By Professor Charles Sutcliffe, ICMA Centre
The Chancellor of the Exchequer has announced that from April 2015 members of defined contribution pension schemes will be permitted to take their entire pension pot as a lump sum anytime from the age of 55 onwards. This means that defined contribution schemes will effectively cease to be pension schemes and become tax-sheltered savings vehicles. At present, at least 75% of the pension pot must be used to buy an annuity before the age of 75 (although a small number of rich people can enter drawdown). Currently up to 25% of the pension pot can be taken as a tax-free lump sum, and the evidence is that the vast majority of people opt to take the maximum lump sum.
The great unknown is what pensioners will decide to do when they can take their entire pot as a lump sum (with tax at their marginal rate on any amount over 25% of the pot). Will they take their pot as a lump sum, or will they use most of it to buy an annuity? If they decide on a lump sum, will they use the cash to invest in real or financial assets, or will they just consume the money, possibly becoming a burden on the welfare state in their later years?
Currently the UK is the largest market for annuities in the world, with about 400,000 annuities sold every year, and this number would have risen substantially with the introduction of auto enrolment. In countries where annuitization is voluntary, e.g. the USA and Australia, the annuitization rate is very low, and it is quite possible that making annuitization voluntary in the UK will mean that UK annuitization rates plummet to similarly low levels.
Economic theory is clear – for all consumers very substantial annuitization of wealth is preferable to non-annuitization, e.g. investing the pot in financial assets. This is primarily due to the mortality discount received by annuitants, where those who die unexpectedly early cross-subsidise the annuities of those who die unexpectedly late. In essence there is longevity risk sharing, which leads to higher pensions. In addition, an annuity removes the risk of outliving one’s resources and becoming a burden on the welfare state. There is no need to hold a precautionary balance of unconsumed resources as a hedge against living for an unexpectedly long time. However, while substantial annuitization is economically rational, the global evidence is that very few people choose to voluntarily annuitise a substantial part of their wealth. This is known as the annuity puzzle.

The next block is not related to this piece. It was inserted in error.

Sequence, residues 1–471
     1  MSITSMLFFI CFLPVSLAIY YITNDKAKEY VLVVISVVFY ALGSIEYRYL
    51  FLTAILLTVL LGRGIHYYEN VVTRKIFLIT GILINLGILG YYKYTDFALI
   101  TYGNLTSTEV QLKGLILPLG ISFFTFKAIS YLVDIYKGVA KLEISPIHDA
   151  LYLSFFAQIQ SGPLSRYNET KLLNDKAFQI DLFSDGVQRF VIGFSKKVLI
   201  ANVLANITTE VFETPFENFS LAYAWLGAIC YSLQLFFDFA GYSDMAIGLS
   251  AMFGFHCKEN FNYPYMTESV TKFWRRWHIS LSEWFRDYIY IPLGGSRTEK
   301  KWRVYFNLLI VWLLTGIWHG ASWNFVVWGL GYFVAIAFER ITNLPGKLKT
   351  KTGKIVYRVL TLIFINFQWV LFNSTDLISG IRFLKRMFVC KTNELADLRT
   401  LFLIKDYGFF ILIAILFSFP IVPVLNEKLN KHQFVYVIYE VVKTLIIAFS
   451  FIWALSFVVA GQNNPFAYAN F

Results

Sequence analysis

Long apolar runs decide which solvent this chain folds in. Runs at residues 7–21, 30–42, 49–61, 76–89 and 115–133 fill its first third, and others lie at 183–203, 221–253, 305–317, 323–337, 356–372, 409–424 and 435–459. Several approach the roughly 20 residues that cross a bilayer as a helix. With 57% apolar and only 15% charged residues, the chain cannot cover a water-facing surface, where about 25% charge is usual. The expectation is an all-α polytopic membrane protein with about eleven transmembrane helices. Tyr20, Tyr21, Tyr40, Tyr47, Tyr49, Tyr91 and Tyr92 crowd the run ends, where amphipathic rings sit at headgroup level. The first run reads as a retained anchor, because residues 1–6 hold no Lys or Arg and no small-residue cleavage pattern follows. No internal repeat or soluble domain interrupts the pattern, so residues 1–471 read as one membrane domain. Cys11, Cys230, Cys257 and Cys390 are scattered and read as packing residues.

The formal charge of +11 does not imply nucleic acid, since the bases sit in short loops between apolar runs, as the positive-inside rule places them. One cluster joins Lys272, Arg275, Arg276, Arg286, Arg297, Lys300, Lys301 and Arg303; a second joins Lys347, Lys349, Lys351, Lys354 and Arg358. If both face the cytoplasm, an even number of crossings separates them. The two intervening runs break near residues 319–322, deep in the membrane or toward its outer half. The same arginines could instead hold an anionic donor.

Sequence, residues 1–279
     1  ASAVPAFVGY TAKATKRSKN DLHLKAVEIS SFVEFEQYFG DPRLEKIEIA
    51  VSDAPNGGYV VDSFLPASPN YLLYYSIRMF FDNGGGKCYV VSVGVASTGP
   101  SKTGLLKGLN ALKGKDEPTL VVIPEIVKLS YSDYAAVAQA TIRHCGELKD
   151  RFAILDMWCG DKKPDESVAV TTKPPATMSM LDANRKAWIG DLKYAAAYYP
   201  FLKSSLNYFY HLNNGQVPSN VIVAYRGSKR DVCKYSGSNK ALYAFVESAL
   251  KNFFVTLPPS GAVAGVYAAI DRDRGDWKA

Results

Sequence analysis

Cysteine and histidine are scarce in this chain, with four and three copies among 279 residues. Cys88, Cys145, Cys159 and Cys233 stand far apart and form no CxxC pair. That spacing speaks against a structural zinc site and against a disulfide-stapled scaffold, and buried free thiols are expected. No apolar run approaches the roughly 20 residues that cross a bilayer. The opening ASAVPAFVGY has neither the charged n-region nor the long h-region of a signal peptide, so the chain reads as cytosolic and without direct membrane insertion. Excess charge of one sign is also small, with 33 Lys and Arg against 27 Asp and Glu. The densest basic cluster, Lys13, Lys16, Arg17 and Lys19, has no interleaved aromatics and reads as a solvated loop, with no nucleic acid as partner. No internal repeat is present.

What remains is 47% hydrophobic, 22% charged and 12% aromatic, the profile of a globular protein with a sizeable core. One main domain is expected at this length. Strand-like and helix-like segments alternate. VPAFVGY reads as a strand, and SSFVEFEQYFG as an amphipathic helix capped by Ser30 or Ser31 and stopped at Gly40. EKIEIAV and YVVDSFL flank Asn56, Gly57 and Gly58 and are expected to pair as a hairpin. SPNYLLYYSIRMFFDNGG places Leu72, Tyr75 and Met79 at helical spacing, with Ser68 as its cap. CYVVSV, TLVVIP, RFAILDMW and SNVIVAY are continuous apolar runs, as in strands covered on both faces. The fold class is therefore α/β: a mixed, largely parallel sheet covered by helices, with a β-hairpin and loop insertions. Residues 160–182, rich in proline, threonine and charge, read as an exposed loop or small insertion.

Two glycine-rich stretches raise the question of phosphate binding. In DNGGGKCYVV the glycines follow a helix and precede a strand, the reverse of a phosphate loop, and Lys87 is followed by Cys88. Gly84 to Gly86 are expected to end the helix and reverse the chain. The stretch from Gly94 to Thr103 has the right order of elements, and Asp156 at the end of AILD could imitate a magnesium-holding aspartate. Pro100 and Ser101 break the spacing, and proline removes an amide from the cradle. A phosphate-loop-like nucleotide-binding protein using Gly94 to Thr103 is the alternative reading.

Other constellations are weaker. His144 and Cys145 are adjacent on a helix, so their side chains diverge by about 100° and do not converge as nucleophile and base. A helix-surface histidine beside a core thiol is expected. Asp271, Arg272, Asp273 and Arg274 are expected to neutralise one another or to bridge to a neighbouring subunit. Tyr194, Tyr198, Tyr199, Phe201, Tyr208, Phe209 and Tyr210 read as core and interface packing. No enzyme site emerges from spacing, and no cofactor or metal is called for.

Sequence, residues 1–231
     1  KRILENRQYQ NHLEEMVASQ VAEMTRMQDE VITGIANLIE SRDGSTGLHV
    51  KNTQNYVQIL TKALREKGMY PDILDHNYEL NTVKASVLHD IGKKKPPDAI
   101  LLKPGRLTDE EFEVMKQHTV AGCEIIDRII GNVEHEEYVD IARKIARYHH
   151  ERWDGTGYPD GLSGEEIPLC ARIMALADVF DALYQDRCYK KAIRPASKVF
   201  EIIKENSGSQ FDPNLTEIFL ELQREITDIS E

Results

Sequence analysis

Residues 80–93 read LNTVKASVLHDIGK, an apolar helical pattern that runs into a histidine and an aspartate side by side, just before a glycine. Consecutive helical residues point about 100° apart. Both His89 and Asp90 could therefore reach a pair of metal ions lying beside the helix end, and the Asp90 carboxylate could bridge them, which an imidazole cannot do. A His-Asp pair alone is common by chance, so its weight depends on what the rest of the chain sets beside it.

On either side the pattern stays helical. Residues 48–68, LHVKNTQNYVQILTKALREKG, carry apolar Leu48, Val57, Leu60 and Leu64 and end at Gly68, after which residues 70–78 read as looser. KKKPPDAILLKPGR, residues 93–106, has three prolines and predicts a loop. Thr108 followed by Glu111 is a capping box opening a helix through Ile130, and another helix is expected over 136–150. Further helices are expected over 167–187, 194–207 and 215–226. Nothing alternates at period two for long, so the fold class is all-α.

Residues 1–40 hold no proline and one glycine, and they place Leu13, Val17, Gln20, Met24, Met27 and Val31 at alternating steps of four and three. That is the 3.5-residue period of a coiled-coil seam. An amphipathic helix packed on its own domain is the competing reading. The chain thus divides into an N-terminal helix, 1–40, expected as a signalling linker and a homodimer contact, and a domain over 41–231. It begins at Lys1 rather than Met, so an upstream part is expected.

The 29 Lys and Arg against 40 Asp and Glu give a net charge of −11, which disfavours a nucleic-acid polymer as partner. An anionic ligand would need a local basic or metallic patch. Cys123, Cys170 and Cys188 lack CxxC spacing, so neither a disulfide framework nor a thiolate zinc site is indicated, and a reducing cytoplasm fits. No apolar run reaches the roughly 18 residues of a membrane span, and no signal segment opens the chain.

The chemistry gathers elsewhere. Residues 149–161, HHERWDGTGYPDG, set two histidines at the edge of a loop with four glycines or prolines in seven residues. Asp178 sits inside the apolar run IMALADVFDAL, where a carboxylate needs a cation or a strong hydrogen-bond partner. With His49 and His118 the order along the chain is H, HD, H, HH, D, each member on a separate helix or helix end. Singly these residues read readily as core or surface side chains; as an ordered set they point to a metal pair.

The benefit of the mortality discount for those who buy annuities means that the annual pension received by annuitants is substantially higher than the annual income of those who invest their pension pot in fixed income securities. Of course, those who invest in equities may be able to obtain a better return than that available on fixed income investments. But this is a risky outcome which may still be inferior to the income generated by the corresponding annuity due to the size of the mortality discount and because investors may end up paying high charges.
Those who opt to invest their pension pot in financial securities (i.e. self-annuitize) will be offered new products created specially by the financial services industry. However, the current drawdown market available to those who do not immediately annuitize their pension pot has high charges (e.g. 2% per year), and if similar charges are made for these new products, this will substantially reduce or eliminate any extra returns that may be achieved by investing in such products.
Given the choice, it is likely that many people will decide not to annuitize. Some people will just consume their pension pot and have no occupational pension. Those who decide to self-annuitise will probably receive a lower income in retirement than those who choose to buy an annuity because they will not benefit from the mortality discount, will pay high investment charges and may make unwise investments.
Therefore, despite the apparent attractions of allowing everyone to have access to their pension pot on retirement, those who choose not to buy an annuity will have a lower income in retirement. Although voluntary annuitization will generate higher tax receipts for the Chancellor over the next few years of about £3 billion, and lead to an increase in consumer spending; in the long run it will make many members of defined contribution schemes worse off.
Voluntary annuitization for defined contribution schemes also has implications for defined benefit schemes. Currently the members of defined benefit schemes can take up to 25% as a tax-free lump sum on retirement, and receive what is in effect an annuity. Some schemes may incentivise members to transfer their accrued defined benefit pension into a defined contribution scheme, with the attraction of a 100% lump sum on retirement. If widespread, such behaviour would further erode the position of defined benefit schemes.
There may be some additional adverse consequences of this reform. For example, a sharp drop in the annual annuity sales of £12 billion would lead to a corresponding drop in demand for government and corporate bonds, leading to a rise in interest rates and a deterioration in the quality of the annuity market.